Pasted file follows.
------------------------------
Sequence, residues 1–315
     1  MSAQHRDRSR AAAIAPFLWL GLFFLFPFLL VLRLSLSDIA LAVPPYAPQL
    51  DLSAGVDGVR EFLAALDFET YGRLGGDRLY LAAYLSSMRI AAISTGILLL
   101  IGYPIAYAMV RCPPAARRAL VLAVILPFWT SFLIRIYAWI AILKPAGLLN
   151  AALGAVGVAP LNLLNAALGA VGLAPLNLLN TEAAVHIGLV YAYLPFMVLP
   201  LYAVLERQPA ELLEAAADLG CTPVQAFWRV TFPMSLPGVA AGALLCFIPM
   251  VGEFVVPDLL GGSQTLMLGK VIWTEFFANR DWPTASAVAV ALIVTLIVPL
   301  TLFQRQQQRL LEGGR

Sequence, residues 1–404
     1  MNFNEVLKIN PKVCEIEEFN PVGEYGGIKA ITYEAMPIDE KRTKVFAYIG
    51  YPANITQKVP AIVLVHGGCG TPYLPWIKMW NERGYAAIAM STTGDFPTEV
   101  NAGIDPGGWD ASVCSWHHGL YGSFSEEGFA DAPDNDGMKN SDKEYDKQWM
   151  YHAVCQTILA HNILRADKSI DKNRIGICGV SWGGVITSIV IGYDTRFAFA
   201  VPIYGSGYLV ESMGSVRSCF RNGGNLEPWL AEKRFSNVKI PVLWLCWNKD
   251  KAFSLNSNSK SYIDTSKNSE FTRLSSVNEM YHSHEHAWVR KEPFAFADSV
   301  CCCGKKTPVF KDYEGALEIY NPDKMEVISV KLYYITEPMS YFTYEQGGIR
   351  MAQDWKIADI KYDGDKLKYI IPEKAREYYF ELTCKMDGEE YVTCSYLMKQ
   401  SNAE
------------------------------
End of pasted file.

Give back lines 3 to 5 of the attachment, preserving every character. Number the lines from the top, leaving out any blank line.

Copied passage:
    51  DLSAGVDGVR EFLAALDFET YGRLGGDRLY LAAYLSSMRI AAISTGILLL
   101  IGYPIAYAMV RCPPAARRAL VLAVILPFWT SFLIRIYAWI AILKPAGLLN
   151  AALGAVGVAP LNLLNAALGA VGLAPLNLLN TEAAVHIGLV YAYLPFMVLP